Exploring (or, Searching)
Generating through rulemaking is a powerful tool for designers working computationally. But the sheer size of the output poses a new problem: How does one navigate an immense field of possibilities? For digital architecture historian Mario Carpo, the answer lies in increasingly powerful computational search algorithms, such as those used by Google to find information from among the billions of indexed web pages on the internet.1 In this technologically determinist view, if one knows that a certain optimized solution exists, it is possible to arrive at it through algorithmic processes. While computational techniques like genetic algorithms and neural nets trained on relevant datasets are adept tools for parsing the results of a generative procedure and determining optimal results, a technology-first approach downplays the role of the designer in the process. Rejecting the dominant narratives of data and computation as panacea to all problems (design or otherwise), artists, architects, and designers are devising approaches to exploring generative possibility spaces that harness technology while transforming the role of the human.
Natalie, a software developer and designer who creates interactive, web-based visualizations, subverts established generative practices to restore agency to the artist. Describing a piece that resembles a modular, gridded, sprawling circuit board, she reveals that, “Although at first glance it does look pretty symmetrical, pretty generative, if you were to really dig in there… There are minor inconsistencies and stuff like that, which I think lends it that organic-ness and its realness. There’s a way to do it with code, but do I want to? No.”2 Natalie uses an aesthetic associated with generative art (which I mistakenly assumed the piece was in our interview) but maintains complete, manual control over the creative process. Her work critiques a view of the role of the designer as merely selecting from a deterministic set of choices, trading away creative agency in exchange for breadth of possibilities.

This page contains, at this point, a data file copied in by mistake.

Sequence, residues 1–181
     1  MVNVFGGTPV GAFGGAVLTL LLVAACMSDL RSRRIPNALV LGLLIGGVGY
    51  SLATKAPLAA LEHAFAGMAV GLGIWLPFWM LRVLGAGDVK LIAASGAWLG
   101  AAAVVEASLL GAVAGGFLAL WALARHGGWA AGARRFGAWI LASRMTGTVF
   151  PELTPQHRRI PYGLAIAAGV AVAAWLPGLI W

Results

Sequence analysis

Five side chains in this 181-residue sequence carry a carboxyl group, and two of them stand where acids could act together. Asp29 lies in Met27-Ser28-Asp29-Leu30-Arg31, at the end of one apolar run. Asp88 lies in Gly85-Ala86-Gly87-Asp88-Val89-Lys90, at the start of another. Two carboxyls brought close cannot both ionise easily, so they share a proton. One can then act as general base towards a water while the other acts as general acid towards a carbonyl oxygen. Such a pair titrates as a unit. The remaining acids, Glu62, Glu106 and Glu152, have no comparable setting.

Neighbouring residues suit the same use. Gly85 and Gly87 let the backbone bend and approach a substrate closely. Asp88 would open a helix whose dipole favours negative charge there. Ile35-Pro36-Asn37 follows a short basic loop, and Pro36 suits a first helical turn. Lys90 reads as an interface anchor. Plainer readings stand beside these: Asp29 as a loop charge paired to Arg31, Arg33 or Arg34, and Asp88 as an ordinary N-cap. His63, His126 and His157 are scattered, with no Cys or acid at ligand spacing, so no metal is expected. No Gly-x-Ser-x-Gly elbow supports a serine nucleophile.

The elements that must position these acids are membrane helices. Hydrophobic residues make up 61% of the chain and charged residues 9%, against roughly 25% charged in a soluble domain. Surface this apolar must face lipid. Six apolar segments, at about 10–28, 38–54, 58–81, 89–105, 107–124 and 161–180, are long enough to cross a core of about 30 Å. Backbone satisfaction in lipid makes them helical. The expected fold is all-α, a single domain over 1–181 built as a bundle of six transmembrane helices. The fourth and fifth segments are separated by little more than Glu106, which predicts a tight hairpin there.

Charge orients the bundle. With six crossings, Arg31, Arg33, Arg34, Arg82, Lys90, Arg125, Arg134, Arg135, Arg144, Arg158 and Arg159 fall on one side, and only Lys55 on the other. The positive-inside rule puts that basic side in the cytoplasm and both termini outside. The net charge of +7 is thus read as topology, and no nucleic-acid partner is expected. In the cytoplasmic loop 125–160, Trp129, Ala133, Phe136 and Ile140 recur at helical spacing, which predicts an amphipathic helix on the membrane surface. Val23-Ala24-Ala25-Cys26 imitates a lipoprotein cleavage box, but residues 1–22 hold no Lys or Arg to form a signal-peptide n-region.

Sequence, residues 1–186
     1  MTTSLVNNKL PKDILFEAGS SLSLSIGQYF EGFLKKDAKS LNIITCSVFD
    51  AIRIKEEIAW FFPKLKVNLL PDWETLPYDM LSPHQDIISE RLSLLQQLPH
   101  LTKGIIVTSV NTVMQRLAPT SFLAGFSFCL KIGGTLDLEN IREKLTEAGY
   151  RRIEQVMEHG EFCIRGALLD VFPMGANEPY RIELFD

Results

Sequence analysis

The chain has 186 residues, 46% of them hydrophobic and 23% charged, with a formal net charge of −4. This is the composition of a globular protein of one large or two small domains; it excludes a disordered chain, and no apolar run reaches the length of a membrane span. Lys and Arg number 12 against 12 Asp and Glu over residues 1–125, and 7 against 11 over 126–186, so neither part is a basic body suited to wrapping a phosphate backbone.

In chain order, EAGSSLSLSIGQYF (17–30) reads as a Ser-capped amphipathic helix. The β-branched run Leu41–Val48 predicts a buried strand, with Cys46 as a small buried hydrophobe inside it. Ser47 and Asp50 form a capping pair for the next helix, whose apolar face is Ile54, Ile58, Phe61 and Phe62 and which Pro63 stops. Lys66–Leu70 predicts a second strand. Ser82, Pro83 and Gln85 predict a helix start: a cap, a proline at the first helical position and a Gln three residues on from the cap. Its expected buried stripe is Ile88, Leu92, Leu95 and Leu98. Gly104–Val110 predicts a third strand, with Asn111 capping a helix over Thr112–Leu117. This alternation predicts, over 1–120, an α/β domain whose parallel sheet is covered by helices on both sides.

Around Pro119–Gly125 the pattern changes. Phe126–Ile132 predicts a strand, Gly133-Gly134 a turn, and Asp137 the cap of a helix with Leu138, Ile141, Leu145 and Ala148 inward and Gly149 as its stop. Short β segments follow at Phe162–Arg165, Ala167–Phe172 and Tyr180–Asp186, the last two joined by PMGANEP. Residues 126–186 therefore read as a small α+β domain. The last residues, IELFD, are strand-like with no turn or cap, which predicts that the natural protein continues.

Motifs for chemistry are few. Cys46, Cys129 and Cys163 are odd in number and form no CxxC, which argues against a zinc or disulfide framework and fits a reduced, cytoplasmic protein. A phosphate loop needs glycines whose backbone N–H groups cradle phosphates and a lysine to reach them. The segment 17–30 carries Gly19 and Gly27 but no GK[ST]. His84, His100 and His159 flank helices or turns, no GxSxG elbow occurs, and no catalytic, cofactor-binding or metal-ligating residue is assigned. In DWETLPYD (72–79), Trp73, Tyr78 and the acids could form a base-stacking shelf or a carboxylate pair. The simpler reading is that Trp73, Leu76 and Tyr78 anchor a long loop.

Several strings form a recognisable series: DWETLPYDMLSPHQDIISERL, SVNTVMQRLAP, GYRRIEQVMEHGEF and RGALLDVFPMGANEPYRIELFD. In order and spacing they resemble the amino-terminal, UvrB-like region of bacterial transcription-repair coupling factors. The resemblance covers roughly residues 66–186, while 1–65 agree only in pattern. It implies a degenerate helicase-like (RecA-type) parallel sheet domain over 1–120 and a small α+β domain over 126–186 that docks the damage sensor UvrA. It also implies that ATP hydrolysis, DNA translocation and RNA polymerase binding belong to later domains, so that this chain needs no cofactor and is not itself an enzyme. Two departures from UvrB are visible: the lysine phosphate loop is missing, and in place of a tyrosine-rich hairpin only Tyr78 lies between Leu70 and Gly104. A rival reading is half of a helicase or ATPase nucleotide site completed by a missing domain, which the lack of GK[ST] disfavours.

However, for others, giving up control over individual objects is desirable for increasing corresponding agency at a level of abstraction. In this view, exploring a possibility space is neither randomly selecting from it nor exhaustively searching it via algorithm. Instead, it can be an aesthetic experience that provides a starting point for further iteration, whether manual or generative. Max, an artificial intelligence researcher, worked on a project to generate plunderphonics music tracks — a style which samples and combines various audio sources into a musical collage — from a ‘seed’ song. Using, for example, an album by Prince as an input, the software might pick up on the use of falsetto, drum machine, and synthesizer (that is, the rules of a generating system), and assemble tracks with overlaid, found audio clips approximating that sweet Minneapolis sound. Importantly, while the algorithms perform a great deal of ‘labor’ in data analysis, searching for audio clips and assembling them according to rules, what to do with them from there is expressly left to the designer-listener. The produced track comes with an index of its source clips, making it not so much a listenable artifact as a new starting point. Max elaborates, “It’s like a little toolkit where you have the samples, you have the track listing, and you have one possible track that could be created with the samples, and you can create something totally different from that if you want.”3 In his view, exploring a generated space of possibilities isn’t about arriving at one optimal solution so much as discovering something with potential to be further investigated and expanded on by the human designer.
Another aspect of this example stands out: As opposed to the work of Anna, Paul, and Natalie, who all dictate the initial rules themselves to a generative algorithm, Max’s software takes over the analytical step. Automating information processes is central to the fields of artificial intelligence and machine learning, and while there are certainly risks involved, it also serves as a strategy that allows designers to generate systems in new ways.
1. Carpo, Mario. The second digital turn: Design beyond intelligence. MIT Press, 2016. ↩
2. Google Hangout interview with Natalie, August 1, 2017. ↩
3. Phone interview with Max, August 2, 2017. ↩